Pesticide Action Network (PAN) Europe and environmental activist law firm ClientEarth won the case this summer, overturning a September 2013 ruling by the EU General Court and annulling a December 2011 decision by EFSA to keep the details confidential.
PAN Europe wanted to see tracked Word document changes for guidance documents published by EFSA’s panel on Plant Protection Products and their Residues (PPR) and the Pesticide Steering Committee (PSC) with names for each suggested change.
EFSA sent those documents for panel and working group members in a letter dated 28 October 2015.
However, it has decided not to extend this to EFSA staff or member state representatives.
PAN Europe told us it was “happy for now” with this outcome but had sought advice from its lawyers about whether it should challenge this second point.
“We made a big step forward,” said PAN Europe’s chemicals coordinator Hans Muilerman.
A spokesperson for EFSA told us its decision sat within the remit of the ruling.
It said its EFSA staff had “work obligations and status that differ from scientific experts” and they were already subject to internal and external checks and controls.
“This statutory framework regulates aspects relating to staff behaviour, independence, working conditions and rights and obligations. Moreover, the transfer of personal data of EFSA staff was not included in the scope of the Court ruling, which only concerned external scientific experts.”
For the member states representatives, which contributed through the Pesticides Steering Committee, only the name of the member state was given not the individual.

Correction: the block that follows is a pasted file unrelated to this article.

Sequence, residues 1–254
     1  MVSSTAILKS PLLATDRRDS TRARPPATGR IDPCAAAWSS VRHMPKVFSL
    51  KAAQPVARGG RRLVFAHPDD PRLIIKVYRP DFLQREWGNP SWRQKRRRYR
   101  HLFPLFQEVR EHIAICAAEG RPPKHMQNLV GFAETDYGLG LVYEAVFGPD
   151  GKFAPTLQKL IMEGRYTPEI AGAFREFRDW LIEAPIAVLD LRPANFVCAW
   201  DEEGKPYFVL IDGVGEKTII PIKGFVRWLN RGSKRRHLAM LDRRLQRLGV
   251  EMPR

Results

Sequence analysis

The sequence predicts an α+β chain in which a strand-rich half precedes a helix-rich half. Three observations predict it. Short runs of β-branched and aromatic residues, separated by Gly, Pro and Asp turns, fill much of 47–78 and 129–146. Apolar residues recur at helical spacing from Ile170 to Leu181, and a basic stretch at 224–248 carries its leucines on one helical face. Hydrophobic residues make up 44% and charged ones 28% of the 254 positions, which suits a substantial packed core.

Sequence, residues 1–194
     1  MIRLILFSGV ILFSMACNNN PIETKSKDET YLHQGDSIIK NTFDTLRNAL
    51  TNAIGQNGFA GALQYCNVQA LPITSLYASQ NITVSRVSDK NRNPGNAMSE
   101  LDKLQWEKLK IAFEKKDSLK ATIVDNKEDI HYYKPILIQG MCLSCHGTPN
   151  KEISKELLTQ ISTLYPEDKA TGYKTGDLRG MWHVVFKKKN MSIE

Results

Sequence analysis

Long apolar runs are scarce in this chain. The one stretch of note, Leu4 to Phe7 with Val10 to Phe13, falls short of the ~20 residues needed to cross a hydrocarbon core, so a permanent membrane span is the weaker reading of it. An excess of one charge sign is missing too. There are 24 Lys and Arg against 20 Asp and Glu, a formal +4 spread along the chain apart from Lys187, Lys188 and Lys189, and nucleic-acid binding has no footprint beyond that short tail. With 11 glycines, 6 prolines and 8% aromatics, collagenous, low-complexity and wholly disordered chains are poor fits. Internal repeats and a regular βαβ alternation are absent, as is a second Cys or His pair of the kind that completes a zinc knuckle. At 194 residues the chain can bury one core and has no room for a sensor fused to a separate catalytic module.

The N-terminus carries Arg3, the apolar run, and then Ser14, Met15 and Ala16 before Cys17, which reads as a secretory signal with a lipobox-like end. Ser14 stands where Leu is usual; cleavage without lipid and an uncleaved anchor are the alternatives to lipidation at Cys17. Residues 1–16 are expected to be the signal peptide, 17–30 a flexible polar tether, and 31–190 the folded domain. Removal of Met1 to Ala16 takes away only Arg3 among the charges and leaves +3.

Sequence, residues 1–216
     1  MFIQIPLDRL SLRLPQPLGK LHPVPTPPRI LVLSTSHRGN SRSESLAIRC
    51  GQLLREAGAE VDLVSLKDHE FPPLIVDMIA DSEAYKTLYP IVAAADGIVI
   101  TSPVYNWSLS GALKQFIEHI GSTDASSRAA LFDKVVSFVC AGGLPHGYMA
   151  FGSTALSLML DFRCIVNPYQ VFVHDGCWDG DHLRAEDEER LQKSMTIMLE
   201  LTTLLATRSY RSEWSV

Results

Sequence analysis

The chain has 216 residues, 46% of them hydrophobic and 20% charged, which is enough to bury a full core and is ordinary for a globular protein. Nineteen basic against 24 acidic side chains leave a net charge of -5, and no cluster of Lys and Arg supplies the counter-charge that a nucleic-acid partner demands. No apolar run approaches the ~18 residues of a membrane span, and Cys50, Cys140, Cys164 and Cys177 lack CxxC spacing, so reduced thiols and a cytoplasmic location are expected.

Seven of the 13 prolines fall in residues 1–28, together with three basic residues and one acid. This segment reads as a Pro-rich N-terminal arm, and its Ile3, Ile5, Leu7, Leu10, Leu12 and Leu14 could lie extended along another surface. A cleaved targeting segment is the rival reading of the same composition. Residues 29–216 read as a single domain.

“These comments were submitted to EFSA on behalf of the member state, and cannot be considered as the personal position of the member of the network. These individuals were not experts working for EFSA, and therefore were not included within the scope of the judgement of the Court.”
At the time of the ruling EFSA told us it could be possible the ECJ case is used to request information for other documents.
Defending its initial rejection of the information request, EFSA told us in the summer it fully supported the principle of increased transparency and openness in its work, but in this specific case it believed it had legitimate reasons to protect the identity of data subjects.
It said the ruling could inhibit scientists' ability to freely discuss issues.
EFSA's executive director Dr Bernhard Url echoed this sentiment last month when he spoke with us about transparency.
"I think that science needs parts of the process in a closed room and then many steps of the process in an open atmosphere. But I think it also needs a protected room where they can speak completely freely, openly and challenge each other. That’s also science,” he said.